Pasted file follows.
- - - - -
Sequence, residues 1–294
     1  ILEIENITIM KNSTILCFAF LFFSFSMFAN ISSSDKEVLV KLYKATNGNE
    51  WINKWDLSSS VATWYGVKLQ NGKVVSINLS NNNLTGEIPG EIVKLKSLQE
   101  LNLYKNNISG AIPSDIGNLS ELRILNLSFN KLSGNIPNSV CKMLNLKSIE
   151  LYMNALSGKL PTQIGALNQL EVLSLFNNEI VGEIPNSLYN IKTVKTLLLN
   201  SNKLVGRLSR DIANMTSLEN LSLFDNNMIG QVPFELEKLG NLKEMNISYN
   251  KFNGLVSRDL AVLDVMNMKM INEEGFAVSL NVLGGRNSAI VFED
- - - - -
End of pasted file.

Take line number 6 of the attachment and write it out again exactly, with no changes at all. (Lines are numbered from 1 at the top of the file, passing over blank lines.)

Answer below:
   201  SNKLVGRLSR DIANMTSLEN LSLFDNNMIG QVPFELEKLG NLKEMNISYN